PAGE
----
We’ve all done it at one point or another. There’s something you really want to buy, and the price looks too good to pass up at the time, so you quickly check your balance in your bank account to make sure you have the funds to afford it before pulling the metaphorical trigger.
It’s almost like a game show. You await to find out what waits for you behind door number two, with hopes of a tropical vacation or new Mercedes in the wings, but all too often come face-to-face with a year’s supply of chicken beaks. As you stare at that meager balance, a wave of emotions envelops your entire body. You might feel regret over some of your recent purchases, or shame that you allowed things to get so risky.
Or panic. There’s always panic.
Imagine, if you will, the proud nation of Zimbabwe. Located in southern Africa, the former British-controlled nation sports a population of more than 12 million people and one of the world’s largest platinum reserves.
However, a horrible decade of inflation — which hit 500 billion percent in 2008 — led to the nation printing 100 trillion-dollar bills in Zimbabwean currency before switching to the American dollar in 2009. The hope was that the switch would help stabilize the economy, but the debt accrued during that previous decade, and civil servants’ wages accounting for 73 percent of the national budget, has created a slight cash flow problem.
To be precise, according to NBC News, Zimbabwe had $217 in the bank on Tuesday.
I know what you’re thinking. That dim-witted editor made a typo. He meant to say “$217 billion,” or “$217 trillion.” And, yeah, that would make more sense. But, no, that number was provided by Finance Minister Tendai Biti.
So, basically, Zimbabwe couldn’t buy a 37-inch television. Or a solid vaccuum cleaner. Or 218 lottery tickets. Or, more importantly, finance elections that are expected this spring after a March referendum on a new constitution.
“The government finances are in a paralysis state at the moment,” said Biti, who added that the country might have to seek donations to stay afloat.
Yup. A few 50-50 raffles at local restaurants should do the trick, or maybe a car wash or Chinese auction. Perhaps they could hold a telethon, and get Eddie Money to perform, since he apparently has nothing better to do these days that humiliate himself in television commercials.
And we all thought our economy was in shambles.
To be fair, it is not only Zimbabwe facing tough economic times. Moody’s recently downgraded Spain’s credit rating from A3 to Baa3, which is considered one level above junk status among international countries. It might also prevent them from buying a used car or renting furniture, and could potentially keep them from joining a record club.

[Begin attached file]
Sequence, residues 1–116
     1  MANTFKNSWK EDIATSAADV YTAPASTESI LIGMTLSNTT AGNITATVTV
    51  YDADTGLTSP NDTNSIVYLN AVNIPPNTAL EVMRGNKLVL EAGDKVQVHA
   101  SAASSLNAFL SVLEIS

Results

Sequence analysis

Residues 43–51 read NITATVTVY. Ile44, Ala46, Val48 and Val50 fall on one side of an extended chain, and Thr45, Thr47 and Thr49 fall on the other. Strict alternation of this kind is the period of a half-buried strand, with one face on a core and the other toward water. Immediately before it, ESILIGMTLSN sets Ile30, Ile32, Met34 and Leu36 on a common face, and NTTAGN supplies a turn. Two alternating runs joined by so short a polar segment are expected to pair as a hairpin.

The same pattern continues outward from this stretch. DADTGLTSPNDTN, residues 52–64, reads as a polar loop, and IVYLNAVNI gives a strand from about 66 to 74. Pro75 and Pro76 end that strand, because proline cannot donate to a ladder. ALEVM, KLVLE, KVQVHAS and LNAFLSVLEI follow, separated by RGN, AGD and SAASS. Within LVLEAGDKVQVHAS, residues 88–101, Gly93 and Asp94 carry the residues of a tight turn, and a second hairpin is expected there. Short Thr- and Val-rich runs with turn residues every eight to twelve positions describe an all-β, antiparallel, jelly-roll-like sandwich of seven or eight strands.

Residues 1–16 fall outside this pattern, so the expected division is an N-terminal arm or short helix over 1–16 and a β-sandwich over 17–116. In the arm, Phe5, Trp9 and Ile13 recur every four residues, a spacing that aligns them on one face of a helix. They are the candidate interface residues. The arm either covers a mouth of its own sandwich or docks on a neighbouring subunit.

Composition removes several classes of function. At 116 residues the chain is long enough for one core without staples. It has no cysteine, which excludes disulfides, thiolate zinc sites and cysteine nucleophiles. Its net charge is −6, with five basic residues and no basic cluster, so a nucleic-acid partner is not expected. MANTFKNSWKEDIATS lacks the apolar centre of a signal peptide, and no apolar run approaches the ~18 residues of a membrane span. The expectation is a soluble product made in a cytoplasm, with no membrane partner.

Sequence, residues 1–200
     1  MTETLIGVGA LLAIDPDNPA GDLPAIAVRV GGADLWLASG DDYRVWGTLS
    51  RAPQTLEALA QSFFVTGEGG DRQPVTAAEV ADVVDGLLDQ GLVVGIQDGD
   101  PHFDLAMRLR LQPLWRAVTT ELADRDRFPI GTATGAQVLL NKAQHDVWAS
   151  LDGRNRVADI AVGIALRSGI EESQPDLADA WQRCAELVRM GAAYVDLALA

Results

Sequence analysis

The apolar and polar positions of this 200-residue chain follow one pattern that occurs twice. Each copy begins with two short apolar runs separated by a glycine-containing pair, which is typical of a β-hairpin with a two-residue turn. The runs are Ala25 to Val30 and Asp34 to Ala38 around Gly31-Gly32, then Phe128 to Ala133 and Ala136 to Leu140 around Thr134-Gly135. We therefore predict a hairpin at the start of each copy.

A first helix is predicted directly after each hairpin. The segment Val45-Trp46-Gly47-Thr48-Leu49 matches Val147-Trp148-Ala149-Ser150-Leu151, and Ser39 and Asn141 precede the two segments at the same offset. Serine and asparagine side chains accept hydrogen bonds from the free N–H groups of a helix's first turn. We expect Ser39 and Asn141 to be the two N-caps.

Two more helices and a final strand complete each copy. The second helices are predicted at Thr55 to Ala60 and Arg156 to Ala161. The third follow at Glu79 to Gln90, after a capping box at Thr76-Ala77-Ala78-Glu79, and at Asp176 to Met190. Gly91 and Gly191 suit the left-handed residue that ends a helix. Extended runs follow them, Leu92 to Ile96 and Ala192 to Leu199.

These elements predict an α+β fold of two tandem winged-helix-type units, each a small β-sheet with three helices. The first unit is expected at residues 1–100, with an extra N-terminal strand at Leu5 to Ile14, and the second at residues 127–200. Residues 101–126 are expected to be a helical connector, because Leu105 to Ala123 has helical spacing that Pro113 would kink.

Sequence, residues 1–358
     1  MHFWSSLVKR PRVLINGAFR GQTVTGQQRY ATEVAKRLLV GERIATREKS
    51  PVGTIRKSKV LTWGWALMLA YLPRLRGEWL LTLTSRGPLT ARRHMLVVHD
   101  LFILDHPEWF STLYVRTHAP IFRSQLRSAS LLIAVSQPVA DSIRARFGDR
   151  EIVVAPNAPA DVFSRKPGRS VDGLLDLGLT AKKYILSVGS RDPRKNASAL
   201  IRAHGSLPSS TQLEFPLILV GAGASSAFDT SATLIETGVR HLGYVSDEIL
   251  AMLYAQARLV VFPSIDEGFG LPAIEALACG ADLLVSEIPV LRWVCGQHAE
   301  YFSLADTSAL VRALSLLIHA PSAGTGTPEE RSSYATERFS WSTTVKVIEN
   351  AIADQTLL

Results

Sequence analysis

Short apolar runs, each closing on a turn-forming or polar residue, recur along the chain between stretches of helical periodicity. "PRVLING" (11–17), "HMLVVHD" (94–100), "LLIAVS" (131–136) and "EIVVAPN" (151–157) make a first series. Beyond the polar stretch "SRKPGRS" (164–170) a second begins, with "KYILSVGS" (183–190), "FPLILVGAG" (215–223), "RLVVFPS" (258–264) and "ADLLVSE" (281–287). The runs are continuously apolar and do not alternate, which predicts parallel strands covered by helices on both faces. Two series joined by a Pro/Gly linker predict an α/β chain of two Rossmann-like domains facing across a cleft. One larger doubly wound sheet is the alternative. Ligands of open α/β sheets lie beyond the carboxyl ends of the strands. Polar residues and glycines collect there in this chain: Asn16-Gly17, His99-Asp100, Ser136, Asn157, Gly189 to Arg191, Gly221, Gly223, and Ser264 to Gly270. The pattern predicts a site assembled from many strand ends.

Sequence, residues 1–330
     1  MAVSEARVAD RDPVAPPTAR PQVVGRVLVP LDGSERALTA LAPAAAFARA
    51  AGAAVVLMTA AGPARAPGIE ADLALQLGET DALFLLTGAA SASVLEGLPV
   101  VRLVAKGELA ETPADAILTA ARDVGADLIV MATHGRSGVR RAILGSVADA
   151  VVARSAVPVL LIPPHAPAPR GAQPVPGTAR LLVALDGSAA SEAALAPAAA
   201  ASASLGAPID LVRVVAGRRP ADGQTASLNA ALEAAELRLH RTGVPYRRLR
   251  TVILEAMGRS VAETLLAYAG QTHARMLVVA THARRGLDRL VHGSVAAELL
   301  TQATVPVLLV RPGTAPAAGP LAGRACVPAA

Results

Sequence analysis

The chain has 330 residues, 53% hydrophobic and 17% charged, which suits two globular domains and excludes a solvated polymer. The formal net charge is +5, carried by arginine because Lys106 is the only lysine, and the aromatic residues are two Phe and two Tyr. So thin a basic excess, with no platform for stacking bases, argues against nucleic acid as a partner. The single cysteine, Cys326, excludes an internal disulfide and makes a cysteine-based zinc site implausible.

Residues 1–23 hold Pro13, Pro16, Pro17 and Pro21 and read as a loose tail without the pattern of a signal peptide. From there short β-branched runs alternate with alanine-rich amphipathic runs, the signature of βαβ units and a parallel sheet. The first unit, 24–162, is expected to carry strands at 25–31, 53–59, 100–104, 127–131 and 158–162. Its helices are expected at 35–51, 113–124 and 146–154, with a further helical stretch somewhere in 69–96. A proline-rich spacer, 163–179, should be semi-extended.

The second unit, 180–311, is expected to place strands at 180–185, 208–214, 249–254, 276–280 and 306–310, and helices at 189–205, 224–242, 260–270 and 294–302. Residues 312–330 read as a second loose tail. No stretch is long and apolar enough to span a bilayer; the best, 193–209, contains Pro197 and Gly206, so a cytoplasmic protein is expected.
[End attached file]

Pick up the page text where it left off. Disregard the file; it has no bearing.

Who remembers those? You’d get about 35 albums for a penny when you first sent in your little form, and then if you didn’t stay on top of things, you started getting an album every month until you got a bill that was about the size of the Bill of Rights coming to your door and your father yells at you so much you think your eyes are going to start bleeding and ...
But I digress.
Spain also announced an unemployment level of 24.6 percent in May 2012, meaning consumer spending is not exactly something to count on to help them pull out of the dark time. So, with little confidence in obtaining loans with their credit rating, and little opportunity to collect tax on items bought domestically, where do they turn? Zimbabwe? Maybe Italy?
Well, no. Not Italy. Apparently, as reported by Lewis Humphries, Italy’s total debt as a percentage of its gross domestic product (GDP) is at a staggering rate of 314 percent, with a state financial liability that is 111 percent of its GDP. That means, well, Italy is pretty much broke, too.
What makes Italy unique is that their household debt remains low, meaning that the people of Italy are in much better financial shape than the nation, itself. Of course, if the nation continues to falter on the fiscal side, there will be an inevitable loss of government jobs, as well as the potential for other cost-saving moves, like turning off the nation’s lights at night.
Which brings us to France, which will be doing just that. Starting July 1, all non-residential buildings will have to switch off interior lights one hour after the last worker leaves the premises, according to a Reuters story, and all exterior and shop window lighting will have to be turned off by 1 a.m., but not for financial reasons.
French officials say this move is intended to save energy and reduce light pollution, but it did help with the flow of my story, right?